*     Class (static) variables are local to a class,
                                             that is, allocated when a class is loaded and
                                             discarded when it is unloaded. Static variables
                                             are not associated with objects and the
                                             classes they are defined in cannot be
                                             instantiated.


                                       An object (referred to by a variable) is marked for
                                       garbage collection when there are no references to
                                       it.




Tutorial: Building a Java applet                                                                Page 4
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C-like Java
Most of the C programming language statements are present in the Java language:

 float sqrt(float value) {
 /* compute a square root badly! */
   float guess;
   int loops;

     if (value <= 0)
       return 0;

     else
       guess = value/2;
       for (loops = 0; loops < 5; loops++) {
          guess = (guess + value /guess) /2;
       }

     return guess;
 }



As well as if/else, for, and return, the Java language has C's while,
do/while, and switch/case/default statements.




Messages and object communication
Objects use messages to communicate.

Valid messages are represented by a public interface.

Messages in Java correspond to method calls (invocations) in C.

Messages must have a reference to the target object to send a message.

 /* Send help button a msg */
 helpButton.setEnabled(false);




If no object is specified, the current object (this) is assumed, for example, f() implies
this.f().




Tutorial: Building a Java applet                                                            Page 5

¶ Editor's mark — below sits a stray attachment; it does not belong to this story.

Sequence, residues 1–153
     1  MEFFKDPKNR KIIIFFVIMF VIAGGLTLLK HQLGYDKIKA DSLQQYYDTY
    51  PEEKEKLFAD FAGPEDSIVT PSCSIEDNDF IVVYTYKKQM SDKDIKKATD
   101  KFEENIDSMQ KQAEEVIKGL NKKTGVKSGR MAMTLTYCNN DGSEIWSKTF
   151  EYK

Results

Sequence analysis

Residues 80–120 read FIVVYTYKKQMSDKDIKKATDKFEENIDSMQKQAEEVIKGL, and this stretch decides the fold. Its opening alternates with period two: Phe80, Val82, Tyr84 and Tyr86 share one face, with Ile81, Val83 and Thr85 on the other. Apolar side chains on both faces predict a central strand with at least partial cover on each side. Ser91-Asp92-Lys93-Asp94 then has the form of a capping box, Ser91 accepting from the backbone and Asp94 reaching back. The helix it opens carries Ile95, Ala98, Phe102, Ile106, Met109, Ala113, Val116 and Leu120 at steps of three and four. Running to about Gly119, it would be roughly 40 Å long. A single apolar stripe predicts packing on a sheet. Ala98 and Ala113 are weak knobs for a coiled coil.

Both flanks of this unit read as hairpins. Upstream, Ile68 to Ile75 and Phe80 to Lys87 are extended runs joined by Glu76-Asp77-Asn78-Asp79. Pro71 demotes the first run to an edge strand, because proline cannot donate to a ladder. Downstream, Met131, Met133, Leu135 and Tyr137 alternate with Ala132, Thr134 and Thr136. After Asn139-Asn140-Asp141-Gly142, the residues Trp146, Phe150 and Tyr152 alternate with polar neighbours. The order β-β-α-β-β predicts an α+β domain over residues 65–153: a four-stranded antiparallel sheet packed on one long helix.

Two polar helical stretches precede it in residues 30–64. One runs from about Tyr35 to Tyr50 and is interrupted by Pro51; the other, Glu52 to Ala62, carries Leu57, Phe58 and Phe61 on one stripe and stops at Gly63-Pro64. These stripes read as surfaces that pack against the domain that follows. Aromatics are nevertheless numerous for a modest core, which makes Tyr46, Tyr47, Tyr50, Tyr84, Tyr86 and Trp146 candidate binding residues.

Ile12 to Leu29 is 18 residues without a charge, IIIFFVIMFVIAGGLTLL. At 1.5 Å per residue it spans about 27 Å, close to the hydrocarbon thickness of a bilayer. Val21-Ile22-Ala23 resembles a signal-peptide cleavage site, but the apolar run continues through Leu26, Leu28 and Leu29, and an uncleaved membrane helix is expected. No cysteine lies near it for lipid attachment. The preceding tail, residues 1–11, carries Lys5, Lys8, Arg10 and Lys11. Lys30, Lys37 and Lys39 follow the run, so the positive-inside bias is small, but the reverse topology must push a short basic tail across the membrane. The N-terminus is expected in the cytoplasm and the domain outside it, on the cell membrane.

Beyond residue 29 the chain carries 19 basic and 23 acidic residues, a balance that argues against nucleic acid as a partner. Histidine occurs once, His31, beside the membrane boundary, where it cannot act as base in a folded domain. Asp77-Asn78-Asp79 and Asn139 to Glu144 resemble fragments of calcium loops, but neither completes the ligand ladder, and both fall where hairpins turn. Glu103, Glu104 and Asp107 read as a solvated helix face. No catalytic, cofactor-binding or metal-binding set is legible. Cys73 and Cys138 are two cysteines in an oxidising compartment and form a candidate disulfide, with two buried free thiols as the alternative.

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Java development process
The javac command compiles Java source code (.java) into bytecode (.class).




These bytecodes are loaded and executed in the Java virtual machine (JVM), which is
embeddable within other environments, such as Web browsers and operating systems.




                                      Displaying applets
                                      An applet is a Java program that is referenced by a
                                      Web page and runs inside a Java-enabled Web
                                      browser.

                                      An applet begins execution when an HTML page
                                      that "contains" it is loaded.

                                      Either a Java-enabled Web browser or the
                                      appletviewer is required to run an applet.

                                      The browser detects an applet by processing an
                                      Applet HTML tag, for example:

                                         <APPLET CODE=ImgJump WIDTH=300 HEIGHT=200>
                                         </APPLET>




Tutorial: Building a Java applet                                                        Page 6
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Web browser-to-applet interface
This figure shows the browser-to-applet interface.




Structure of a simple applet
By inheriting from java.applet.Applet, the necessary structure is defined to coordinate
with a Web browser. Extends is the keyword in the Java language used to inherit
classes.

 public class MyApplet extends java.applet.Applet {

     public MyApplet( ) { //create applet

       System.out.println("In ctor");
     }
     public void init( ) { // initialize
       System.out.println("In init");
     }
     public void start( ) { // display page
       System.out.println("In start");
     }
     public void stop( ) { // leave page
       System.out.println("In stop");
     }
     public void destroy( ) {// clean up
       System.out.println("In destroy");
     }
 }



The init() method is run only when the applet first starts; start() is executed
when the applet is displayed or refreshed.

Note that standard out (or output for the println command) is sent to the console
window if you are running within a browser or to a DOS window if you are running your
applet from appletviewer via a DOS window.




Tutorial: Building a Java applet                                                          Page 7
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Activity: Basic applet and HTML using development
tools
Create a Panorama Applet class and HTML file. Override the init method and print out
a trace message. Test and verify the message is printed.

Here are the steps:
1. Create Panorama.java using a text editor.
               *
          In the file, add a public Panorama class and have it inherit from
          java.applet.Applet.
               *
          In the class, add an init method that takes no arguments and returns void.
               *
          In init, issue System.out.println of "In Panorama.init". This provides a
          message when the method is invoked that traces the flow through the applet.